Home Herbs Edible & Cut Flowers Our Garden Salad Pastured Poultry Our Country Store Professional Chefs Contact, Hours & Map
Events & Media
Links of Interest
The Plants Recipes Q&A Growing Herbs Harvesting Herbs Herbs Indoor

Harvesting Culinary Herbs *adapted from University of Rhode Island GreenShare Factsheets

Basil grown for dried leaves or essential oil is cut just prior to the appearance of flowers. The foliage should be cut at least four to six leaves above the ground to allow for regrowth and a subsequent crop.

- Harvest individual leaves at any time, tastiest when young
- Use scissors when harvesting as clean cuts do least damage
- Entire upper stem & leaves can be harvested, but leave at least 4 sets of leaves (5”) or plant may die
- To ensure freshness re-cut stems & put them in a jug of water in a cool location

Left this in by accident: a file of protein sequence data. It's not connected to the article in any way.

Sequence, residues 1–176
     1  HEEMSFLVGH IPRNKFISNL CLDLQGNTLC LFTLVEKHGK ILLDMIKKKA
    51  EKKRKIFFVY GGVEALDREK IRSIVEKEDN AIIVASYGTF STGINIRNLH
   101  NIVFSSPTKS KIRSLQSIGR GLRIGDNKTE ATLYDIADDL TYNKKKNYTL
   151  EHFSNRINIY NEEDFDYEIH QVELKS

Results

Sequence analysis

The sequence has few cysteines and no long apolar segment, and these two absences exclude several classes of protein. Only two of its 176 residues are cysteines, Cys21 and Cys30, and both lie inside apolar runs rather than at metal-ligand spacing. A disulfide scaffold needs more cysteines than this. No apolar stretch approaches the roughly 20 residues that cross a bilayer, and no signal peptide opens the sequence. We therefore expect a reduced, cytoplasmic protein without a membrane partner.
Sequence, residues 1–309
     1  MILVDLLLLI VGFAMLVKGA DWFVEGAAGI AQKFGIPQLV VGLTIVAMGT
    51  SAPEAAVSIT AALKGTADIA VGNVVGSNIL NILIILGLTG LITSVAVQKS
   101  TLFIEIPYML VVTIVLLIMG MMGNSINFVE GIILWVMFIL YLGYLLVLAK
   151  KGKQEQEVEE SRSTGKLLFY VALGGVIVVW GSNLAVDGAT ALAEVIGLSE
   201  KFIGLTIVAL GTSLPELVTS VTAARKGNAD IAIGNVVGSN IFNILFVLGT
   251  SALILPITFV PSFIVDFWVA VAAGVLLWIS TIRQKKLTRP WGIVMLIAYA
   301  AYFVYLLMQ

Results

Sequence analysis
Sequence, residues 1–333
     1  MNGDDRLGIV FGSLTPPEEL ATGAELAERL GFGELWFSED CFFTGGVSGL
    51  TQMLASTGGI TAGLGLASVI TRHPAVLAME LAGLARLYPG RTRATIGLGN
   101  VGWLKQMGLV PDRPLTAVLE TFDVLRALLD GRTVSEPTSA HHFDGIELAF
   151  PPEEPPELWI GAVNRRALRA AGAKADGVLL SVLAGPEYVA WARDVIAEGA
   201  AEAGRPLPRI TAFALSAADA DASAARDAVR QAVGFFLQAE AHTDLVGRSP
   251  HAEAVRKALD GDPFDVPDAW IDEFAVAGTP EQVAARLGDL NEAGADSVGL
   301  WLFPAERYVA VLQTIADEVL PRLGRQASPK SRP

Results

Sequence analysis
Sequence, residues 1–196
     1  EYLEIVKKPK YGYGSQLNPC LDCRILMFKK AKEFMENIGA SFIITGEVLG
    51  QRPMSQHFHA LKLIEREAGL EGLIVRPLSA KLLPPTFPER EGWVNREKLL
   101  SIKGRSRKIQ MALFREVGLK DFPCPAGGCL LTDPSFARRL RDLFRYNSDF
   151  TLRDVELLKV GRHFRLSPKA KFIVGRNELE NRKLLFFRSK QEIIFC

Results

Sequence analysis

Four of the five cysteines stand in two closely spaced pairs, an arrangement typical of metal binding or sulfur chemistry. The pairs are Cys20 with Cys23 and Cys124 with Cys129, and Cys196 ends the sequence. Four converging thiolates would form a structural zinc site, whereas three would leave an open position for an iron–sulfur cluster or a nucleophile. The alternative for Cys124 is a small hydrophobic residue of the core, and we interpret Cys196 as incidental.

- Blanch leaves and then freeze in ice cubes
- Freezing is best way to preserve basil’s flavour
- To dry strip the leaves and dry in a dark airy location
- Store dried basil leaves whole in an airtight container

To harvest chives, cut leaves 2 inches above the ground.

Fresh leaves should be harvested before flowering begins. Harvest seeds as soon as seed heads are brown and dry.

French Tarragon:
Harvest six to eight weeks after planting and until leaves turn yellow in the fall.

Mint can be harvested almost as soon as it comes up in the spring. Young, tender leaves and stems are the best

Sprigs of oregano can be cut off when the plant is at least 6 inches high. In June, vigorously grown plants can be cut back to the lowest set of leaves. Plants will generally leaf out after two weeks and can be cut back again in August

Cut 4-inch pieces from the tips of the branches, never removing more than 20% of the growth at one time.

Harvest the entire plant by cutting it back to 2 inches above ground in midsummer and again at the end of the season

Email Us!